Hunting for the best restaurants while traveling is a given, but I also make a point to seek out little pockets of food-related art and culture when I’m exploring a new place. In fact, some of my favorite food experiences haven’t involved eating at all: One of the most memorable lunches I’ve had was simply observing young Thai monks eat their midday meal, of which they shared several bites with a monastery cat. On your future travels, broaden your definition of food lover a bit, and seek out these food-related art and historical destinations.
Yes, this is a museum dedicated to French fries, Belgium’s most glorious potato invention. The exhibit begins on the ground floor with Peru, the origin of the domesticated potato plant, and showcases the purples, reds, and other lesser known potato varieties, along with a collection of potato cutters. Further floors explain the French fry’s origin in Belgium and, happily, house a café for tastings. Frietmuseum Vlamingstraat 33 8000 Bruges, Belgium +32 50 34 01 50
Explore the pots, pans and adorable plastic-covered Marimekko print tablecloths of Julia Child’s Cambridge home kitchen, where she hosted her last three cooking shows. It’s not a replica—the Smithsonian actually deconstructed Julia’s entire kitchen when she moved to California in 2001 and shipped it to National Museum of American History. They took everything from potholders to countertops (which the 6-foot-tall chef had custom built at 2 inches higher than most) to preserve her beloved culinary legacy. Allie Wist
The ultimate feminist dinner party is on permanent display at the Brooklyn Museum. In the mid-70s, American artist Judy Chicago built an enormous table, 48 feet long on each side, to host a figurative dinner party. Instead of serving any food or having guests, she dedicated each of the 39 place settings to a powerful female figure in history, and set the table with beautiful ceramic dishes and embroidered tapestries. Although the plates themselves are unquestionably “feminine” (as in, they allude to female anatomy), the concept as a whole turns the traditionally marginalizing concepts of domesticity and food preparation into an empowering occasion. Brooklyn Museum 200 Eastern Parkway Brooklyn, New York 11238 (718) 638-5000 Allie Wist
For those seeking the best in interior design and environmental typography, make a stop into Sunday’s Grocery, in Hong Kong’s Kennedy Town. Famed for their chicken yakitori joint Yardbird, located in Hong Kong’s Central district, Canadian duo Matt Abergel and Lindsay Jang opened this venture in the spring of 2014. But here, guests won’t be sitting down to chicken skewers and cocktails—or sitting at all. Sunday’s Grocery is a “curated convenience store,” selling sandwiches, high-end sake, Japanese whiskey, snacks, beer, and specialty packaged foods. The design—from the storefront to the sandwich-and-beer bento-box-style takeout—is beautifully modern and quirky. Sunday’s Grocery 66-68 Catchick Street Kennedy Town, Hong Kong +852 2628 6001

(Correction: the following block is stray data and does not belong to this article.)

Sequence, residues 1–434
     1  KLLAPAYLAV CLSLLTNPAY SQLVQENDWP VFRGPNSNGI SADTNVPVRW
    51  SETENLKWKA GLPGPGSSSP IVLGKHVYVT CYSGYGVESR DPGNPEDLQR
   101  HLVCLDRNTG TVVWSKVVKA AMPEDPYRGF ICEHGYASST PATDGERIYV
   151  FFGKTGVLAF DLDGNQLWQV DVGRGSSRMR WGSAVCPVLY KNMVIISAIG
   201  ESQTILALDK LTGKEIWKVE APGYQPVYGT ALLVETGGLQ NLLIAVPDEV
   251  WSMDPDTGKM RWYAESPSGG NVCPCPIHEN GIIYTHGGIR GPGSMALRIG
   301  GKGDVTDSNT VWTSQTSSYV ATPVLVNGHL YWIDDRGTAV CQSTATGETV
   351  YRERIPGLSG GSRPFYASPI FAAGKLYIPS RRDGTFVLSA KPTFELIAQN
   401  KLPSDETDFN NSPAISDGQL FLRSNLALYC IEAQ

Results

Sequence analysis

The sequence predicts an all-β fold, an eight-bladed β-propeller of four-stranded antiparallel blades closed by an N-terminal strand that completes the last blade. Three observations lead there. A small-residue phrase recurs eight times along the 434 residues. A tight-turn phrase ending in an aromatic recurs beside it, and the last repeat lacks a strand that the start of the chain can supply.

If you’re into food history, (that is, if you’re like me, and you find entire books on the global evolution of black pepper fascinating), make sure not to miss the 17th and 18th century Dutch still life paintings the next time you’re at the Louvre. From dead geese and game hens, to oranges newly imported from the New World, to half bodies of fleshy tuna, the edible evidence found in these still lifes is fascinating. The paintings are both beautiful and a bit haunting, and serve to document how Europeans ate during the 17th and 18th century. Musée du Louvre 75058 Paris, France +33 (0)1 40 20 53 17
Augsburg, a town northwest of Munich, was an important gold-and silver-smith hub of Central Europe up until the 1800s. This museum has a beautiful collection of dining sets, plates, drinking vessels, and servingware—all crafted out of pure silver by the Augsburg silversmith masters. My favorite pieces include gilded drinking cups, especially made for consuming German beer. Kunstsammlungen und Museen Augsburg Maximilianmuseum Fuggerplatz 1 (Philippine-Welser-Straße 24) D-86150 Augsburg +49 (0) 821 / 324 41 02
Everyone knows the legendary Poilâne bakery—probably the most famous traditional bakery in Paris. But what makes the Saint-Germain-des-Prés location in particular worth a visit is a peek into the back room. Hanging on the wall are paintings of bread done by dozens of artists, all allegedly in exchange for a Poilâne miche. They also have a black and white photograph of an art installation commissioned by Salvador Dali in 1971; Lionel Poilâne created an entire bedroom furniture set out of Poilâne bread for Dali, who was a long admirer of the baker’s bread sculptures. They actually still have a chandelier made out of bread hanging on the ceiling, as a tribute to Poilâne and Dali’s friendship. And yes, they replace it when it starts to fall apart. Poilâne 8 rue du Cherche-Midi Paris, France 75006 +33 (0) 1 45-48-42-59